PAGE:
Jasmine Tran is stuck. The narrator of Julie Tieu’s The Donut Trap ($14) graduated from UCLA in a tailspin, and when we catch up with her, she’s already spent a year working at Sunshine Donuts with her parents, dodging her parents’ intrusive questions about her love life (or lack thereof) and career path . . . or lack thereof. “I was as basic as they come,” she says. “Like Helvetica, but in human form.”
The monotony shatters when Jas reconnects with Alex Lai, a college crush who turns out to be hot, successful, and sweeter than she’d imagined. He introduces her to hiking, she introduces him to Dodgers baseball, and their chemistry is off the charts. Their relationship is moving fast, though, and suddenly Jas’s parents are talking about marriage while Jas is still trying to figure out if she and Alex are actually exclusive. Plus the rent just went up on Sunshine Donuts, but Jas’s overworked parents are stubbornly unwilling to shake things up and make the business more profitable.
At the root of Jas’s problems with her parents is a generational gap they can’t seem to bridge. As Chinese-Cambodian immigrants, Jas’s parents came to the US as refugees and worked their entire lives to give her and her younger brother a future. Every interaction Jas has with them is shaded with this knowledge and their sky-high expectations, all while navigating a deep linguistic, cultural, and emotional divide. Jas isn’t happy, but she struggles “to find the right words to explain how I was feeling without coming across as ungrateful.” You can feel her frustration and helplessness as she repeatedly tries and fails to connect with her parents.
Then, in one disaster of a dinner party, she finds out Alex has been dealing with similar issues with his own mom, and it might spell trouble for their relationship. Meanwhile, Jas is applying to a job she’s not sure she can do, a high school ex has popped back up, and she’s lying to her parents more than ever to make it all work. The whole situation is primed to blow, and when it does, Jas’s relationships — with her parents, her brother, and Alex — will never be the same.
While the sweet romance between Jasmine and Alex is at the core of The Donut Trap, Jas’s very real family issues give it heart. Jas’s failure to meet her parents’ expectations, her struggles to communicate with them, and the way it impacts not just their relationship but every aspect of her life: these are all major plot points, not just details thrown in for authenticity’s sake. The Donut Trap explores these issues from a place of empathy, and it comes together to create a quick rom-com read with satisfying depth.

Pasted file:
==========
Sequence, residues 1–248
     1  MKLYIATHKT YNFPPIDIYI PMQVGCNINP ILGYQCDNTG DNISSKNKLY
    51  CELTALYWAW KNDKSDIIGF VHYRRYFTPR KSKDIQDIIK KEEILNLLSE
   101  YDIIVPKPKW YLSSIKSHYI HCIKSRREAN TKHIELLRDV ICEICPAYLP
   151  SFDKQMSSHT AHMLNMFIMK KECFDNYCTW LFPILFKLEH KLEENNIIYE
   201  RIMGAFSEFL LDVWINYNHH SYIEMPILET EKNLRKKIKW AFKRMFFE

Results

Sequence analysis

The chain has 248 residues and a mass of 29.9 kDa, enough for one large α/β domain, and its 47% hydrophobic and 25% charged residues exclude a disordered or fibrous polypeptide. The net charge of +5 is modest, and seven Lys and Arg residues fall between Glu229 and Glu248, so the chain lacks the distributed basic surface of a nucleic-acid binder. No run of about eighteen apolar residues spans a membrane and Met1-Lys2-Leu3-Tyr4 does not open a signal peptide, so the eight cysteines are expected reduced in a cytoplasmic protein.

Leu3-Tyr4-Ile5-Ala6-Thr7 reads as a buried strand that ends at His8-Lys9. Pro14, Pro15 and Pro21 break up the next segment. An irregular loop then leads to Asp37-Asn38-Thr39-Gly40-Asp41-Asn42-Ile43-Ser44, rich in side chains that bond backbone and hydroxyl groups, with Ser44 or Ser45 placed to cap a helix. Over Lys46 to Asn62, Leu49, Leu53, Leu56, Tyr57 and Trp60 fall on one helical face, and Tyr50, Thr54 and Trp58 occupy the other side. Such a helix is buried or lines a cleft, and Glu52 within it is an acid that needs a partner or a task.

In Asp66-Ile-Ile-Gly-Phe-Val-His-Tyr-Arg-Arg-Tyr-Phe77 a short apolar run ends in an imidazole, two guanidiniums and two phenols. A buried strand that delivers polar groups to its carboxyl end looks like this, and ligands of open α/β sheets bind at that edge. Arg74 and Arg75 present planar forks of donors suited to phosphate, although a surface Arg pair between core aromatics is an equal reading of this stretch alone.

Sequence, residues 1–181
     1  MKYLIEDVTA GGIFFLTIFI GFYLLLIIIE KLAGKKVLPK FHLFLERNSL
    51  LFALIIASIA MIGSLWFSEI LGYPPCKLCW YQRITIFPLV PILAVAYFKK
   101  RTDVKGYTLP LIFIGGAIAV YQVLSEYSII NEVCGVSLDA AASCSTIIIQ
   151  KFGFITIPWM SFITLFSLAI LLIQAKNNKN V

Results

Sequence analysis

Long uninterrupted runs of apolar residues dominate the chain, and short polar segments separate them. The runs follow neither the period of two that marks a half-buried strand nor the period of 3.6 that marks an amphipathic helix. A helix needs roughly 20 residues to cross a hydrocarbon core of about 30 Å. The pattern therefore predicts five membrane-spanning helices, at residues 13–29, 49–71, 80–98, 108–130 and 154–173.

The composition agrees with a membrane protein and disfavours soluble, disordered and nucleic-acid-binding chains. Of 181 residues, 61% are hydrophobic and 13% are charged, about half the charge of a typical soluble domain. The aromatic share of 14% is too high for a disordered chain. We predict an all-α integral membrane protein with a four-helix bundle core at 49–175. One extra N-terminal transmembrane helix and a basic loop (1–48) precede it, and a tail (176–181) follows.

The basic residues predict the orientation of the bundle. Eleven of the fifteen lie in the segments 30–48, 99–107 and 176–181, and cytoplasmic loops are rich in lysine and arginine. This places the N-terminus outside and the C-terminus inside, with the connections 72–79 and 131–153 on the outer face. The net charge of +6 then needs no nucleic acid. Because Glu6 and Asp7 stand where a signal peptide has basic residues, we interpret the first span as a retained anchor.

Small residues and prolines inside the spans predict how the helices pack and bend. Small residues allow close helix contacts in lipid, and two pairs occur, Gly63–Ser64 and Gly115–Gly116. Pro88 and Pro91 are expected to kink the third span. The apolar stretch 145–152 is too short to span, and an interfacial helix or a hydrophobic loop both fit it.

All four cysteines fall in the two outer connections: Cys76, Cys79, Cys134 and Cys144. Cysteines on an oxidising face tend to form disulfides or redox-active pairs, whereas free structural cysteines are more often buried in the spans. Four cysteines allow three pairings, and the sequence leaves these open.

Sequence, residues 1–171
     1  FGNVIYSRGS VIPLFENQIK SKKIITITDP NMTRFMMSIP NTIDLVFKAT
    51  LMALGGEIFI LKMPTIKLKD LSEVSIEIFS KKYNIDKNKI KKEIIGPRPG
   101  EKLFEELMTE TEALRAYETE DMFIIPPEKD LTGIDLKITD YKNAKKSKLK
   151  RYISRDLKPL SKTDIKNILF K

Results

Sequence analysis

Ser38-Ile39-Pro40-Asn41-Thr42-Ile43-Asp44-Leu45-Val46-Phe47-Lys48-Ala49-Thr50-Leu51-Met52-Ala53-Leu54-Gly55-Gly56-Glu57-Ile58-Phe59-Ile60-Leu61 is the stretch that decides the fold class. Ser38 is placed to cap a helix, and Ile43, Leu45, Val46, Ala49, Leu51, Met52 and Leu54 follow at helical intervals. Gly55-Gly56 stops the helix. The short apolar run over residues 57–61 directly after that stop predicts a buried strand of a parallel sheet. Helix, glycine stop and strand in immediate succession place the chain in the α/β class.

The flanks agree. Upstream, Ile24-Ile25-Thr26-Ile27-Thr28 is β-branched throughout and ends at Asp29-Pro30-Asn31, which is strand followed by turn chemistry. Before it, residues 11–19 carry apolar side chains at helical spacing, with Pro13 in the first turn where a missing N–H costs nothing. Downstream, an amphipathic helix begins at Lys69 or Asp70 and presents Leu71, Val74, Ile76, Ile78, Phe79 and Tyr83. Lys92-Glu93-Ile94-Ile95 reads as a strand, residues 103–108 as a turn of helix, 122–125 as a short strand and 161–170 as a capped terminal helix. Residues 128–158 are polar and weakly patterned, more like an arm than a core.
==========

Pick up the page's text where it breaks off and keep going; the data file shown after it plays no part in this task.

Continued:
“To me, it was yet another reminder that my life, my work will always pale in comparison to those of my parents. I knew this very well. It didn’t bear repeating. Wasn’t that the point, though? Wasn’t that the narrative for every immigrant and refugee who had come to the United States? To come and build a better, safer life for yourself and your family? If the measure of success was that I was living a more comfortable, easier life than they had, then why was I simultaneously penalized for it? These questions ran in my head, but they were better left unspoken unless I wanted to add inconsiderate and ungrateful to my list of shortcomings.”
Read This If You Like . . .
Romances that are mostly light, but with real issues at their core. And if you like rom-com movies, shows, and books that explore inter-generational immigrant issues, especially in the Asian and Pacific Islander American (APIA) community, you’ll find a lot to love in The Donut Trap. Think: Always Be My Maybe, Kim’s Convenience, and David Yoon’s YA romances.
Read this one with a donut or some other treat nearby, or better yet, in your favorite coffee or pastry shop. You’ll definitely want to satisfy your sugar craving while reading about the drama at Sunshine Donuts.
POPSUGAR Reading Challenge Prompts
- A book that’s published in 2021
- A book set somewhere you’d like to visit in 2021 (Los Angeles)
- A book you think your best friend would like
How Long It Takes to Read
This isn’t a short book (348 pages), but Tieu’s fast-paced style will have you flying through the pages. You could get through it in a couple days of dedicated reading.
The Sweet Spot Summary
In The Donut Trap by Julie Tieu, Jasmine Tran is just trying to get her post-college life on track and maybe find a job outside of her parents’ donut shop. She’s not quite prepared to juggle an enticing new romance, the sudden reappearance of an old high school flame, and her charged relationship with her Cambodian-Chinese parents all at the same time, but confronting her problems might be the only way to finally figure out her life.